"Yeah, with your background and that hot body of yours, you could go places," he joked.
"Thanks for taking me seriously," she said angrily.
He sighed and crawled out of bed, sitting next to her, "Listen, I can't tell you what to do with your life, but whatever you do, make sure it makes you happy," he said caressing her face, "As long as it does, I'm behind you a hundred percent."
She smiled, "How is it that you always know the right thing to say?"
He shrugged, "Practice I guess," he said, planting a kiss on her nose, "I love you."
"Love you too," she said, leaning in to kiss him, "Wait, why aren't you at work? And still in bed?"
"Oh, uh...I went but wasn't feeling well so I came home," he explained, kissing her neck.
"Are you okay?" she asked, pulling away.
"Yeah, I think it might have been the weather earlier this morning," he said, as his lips moved up her chin to her lips, "Screwing with my system."
She smiled as he tended her to lips, his hands busy, pulling her tucked blouse out of her skirt.
"Unn...hey there," she said, as his hands slipped under her blouse, "I can't."
"But I'm sick," he said, unbuttoning her blouse, "Don't you want to make me better?"
She stopped him, "Not on my break," she said, buttoning her blouse again, "Especially seeing how it's over soon," she looked at her watch, "I have to go," she kissed his quickly, "I'll come by later."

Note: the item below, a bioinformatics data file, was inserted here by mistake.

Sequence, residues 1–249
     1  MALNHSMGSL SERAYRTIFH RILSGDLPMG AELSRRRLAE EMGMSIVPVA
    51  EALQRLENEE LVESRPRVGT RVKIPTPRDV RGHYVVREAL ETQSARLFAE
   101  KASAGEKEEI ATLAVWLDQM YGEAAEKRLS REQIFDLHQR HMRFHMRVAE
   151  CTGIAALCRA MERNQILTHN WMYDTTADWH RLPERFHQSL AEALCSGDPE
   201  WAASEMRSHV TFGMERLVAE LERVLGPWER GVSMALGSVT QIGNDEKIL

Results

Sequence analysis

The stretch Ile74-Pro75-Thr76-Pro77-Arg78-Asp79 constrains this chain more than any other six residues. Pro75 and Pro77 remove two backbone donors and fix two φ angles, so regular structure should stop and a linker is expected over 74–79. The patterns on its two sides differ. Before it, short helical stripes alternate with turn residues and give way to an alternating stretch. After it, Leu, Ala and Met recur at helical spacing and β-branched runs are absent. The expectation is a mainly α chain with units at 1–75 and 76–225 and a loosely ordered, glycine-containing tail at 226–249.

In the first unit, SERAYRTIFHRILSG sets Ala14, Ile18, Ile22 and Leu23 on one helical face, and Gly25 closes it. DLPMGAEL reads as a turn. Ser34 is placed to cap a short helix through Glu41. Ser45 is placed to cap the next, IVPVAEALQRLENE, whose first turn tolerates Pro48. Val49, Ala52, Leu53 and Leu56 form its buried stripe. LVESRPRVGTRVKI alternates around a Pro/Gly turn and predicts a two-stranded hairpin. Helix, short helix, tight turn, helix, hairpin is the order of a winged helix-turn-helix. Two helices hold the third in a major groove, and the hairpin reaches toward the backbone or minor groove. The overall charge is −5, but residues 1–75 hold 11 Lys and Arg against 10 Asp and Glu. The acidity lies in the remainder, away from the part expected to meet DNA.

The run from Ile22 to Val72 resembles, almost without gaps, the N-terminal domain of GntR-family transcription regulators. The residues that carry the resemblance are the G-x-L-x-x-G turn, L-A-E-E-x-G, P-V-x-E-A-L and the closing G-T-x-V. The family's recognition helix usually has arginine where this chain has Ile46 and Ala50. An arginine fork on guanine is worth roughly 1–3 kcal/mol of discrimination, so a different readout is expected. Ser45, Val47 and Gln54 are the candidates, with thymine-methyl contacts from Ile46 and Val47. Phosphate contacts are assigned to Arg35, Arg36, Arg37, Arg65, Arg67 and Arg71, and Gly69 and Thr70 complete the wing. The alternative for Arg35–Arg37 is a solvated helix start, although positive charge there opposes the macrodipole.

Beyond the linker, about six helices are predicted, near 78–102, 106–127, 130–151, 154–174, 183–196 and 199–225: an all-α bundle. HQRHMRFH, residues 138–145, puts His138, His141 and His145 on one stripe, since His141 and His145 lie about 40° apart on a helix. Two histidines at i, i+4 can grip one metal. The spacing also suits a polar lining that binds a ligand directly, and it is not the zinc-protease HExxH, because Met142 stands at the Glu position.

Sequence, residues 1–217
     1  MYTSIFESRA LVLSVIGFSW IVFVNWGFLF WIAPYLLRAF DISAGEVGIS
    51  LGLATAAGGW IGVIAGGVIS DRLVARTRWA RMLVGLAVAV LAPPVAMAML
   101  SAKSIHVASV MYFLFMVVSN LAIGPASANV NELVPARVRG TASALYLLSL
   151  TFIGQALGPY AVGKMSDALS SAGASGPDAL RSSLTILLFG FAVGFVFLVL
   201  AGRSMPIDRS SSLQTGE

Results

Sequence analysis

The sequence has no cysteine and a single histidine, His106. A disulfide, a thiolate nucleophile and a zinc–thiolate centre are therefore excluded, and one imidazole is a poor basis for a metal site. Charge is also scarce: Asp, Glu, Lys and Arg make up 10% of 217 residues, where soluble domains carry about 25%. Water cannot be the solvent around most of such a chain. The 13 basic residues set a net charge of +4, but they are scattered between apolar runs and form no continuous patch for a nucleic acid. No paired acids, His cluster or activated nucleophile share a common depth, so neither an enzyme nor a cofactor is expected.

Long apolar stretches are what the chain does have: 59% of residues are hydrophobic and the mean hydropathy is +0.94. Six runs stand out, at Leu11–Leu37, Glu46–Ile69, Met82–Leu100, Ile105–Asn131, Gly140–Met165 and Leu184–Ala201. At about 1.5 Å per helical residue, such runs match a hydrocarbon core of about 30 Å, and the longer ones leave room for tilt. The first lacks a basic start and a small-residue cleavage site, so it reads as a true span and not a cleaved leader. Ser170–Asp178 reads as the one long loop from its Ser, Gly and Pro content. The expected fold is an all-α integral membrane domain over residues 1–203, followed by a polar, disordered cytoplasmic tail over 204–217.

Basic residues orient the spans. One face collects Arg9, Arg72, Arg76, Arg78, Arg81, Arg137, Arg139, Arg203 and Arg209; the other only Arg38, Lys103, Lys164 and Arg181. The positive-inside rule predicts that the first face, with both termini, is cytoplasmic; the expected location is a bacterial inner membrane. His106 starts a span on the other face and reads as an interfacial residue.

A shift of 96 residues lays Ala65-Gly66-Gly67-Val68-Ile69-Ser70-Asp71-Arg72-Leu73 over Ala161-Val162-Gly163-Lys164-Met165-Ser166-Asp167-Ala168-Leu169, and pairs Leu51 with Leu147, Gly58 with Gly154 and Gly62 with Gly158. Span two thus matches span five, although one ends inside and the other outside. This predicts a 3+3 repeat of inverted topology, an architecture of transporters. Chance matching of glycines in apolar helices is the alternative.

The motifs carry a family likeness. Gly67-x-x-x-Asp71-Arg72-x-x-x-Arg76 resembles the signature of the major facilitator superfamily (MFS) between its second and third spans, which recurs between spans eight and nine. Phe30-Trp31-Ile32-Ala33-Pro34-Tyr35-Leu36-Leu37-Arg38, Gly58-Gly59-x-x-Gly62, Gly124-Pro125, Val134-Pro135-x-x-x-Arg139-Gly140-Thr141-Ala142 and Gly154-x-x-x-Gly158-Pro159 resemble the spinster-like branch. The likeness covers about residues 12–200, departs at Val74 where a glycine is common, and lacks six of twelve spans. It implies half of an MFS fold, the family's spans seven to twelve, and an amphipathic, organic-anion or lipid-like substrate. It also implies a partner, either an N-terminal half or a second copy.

"Okay but call first, I might head back to the office," he said as she walked out of the bedroom.
Madelyn got off the subway, tired and depressed. Despite her pep talk from her boyfriend, she still couldn't feel good about her job-and her life in general. She felt the heavy weight of Julia's work on her shoulders-the work that she would never get credited for. Why did she always let people take advantage of her? She sighed and adjusted her bag before heading for the stairs. Her footsteps were in sync with the sound of water dripping on the track in the empty subway station. She looked at her clock, it was already close to ten. She knew she shouldn't have stayed at the office so late. She would work herself ragged. And for what?
"Spare some change?" the homeless man said, holding out his hand.
"Sorry," she answered, walking past him.
She mulled over her thoughts, buttoning her wool coat before entering the cold January weather. As she started walking again, she could hear an echo from her footsteps. Walking a little faster, she realized that the echo was another pair of footsteps behind her. She tried to keep calm, a must for any single woman living in the city, and headed for the exit as quickly as possible without looking like she was running away. Madelyn climbed the stairs quickly until a hand grabbed her, pulling her down. She struggled against it, holding on to the stair railing for support. Her bag slipped off her shoulder, falling down the stairs, the papers spilling out. Her screams for help mingled with the howling winds of the bitter chill outside and were unanswered in the empty subway station. The hands soon took full possession of her, covering her mouth and pulling her close.
"Don't fight it," the raspy voice whispered in her ear, "Just let it go."
She closed her eyes in terror, whimpering softly under the gloved hand of her attacker. Then suddenly, she was pushed to the floor as he let go of her. Without wasting any time, she ran out of station, blindly into the streets, without looking back. She ran as fast as her legs could take her, the beating of her heart so fast and loud she thought it would explode. It was at that point that she remembered she had left everything at the subway station. She stopped, a split second before she would have slammed into another person.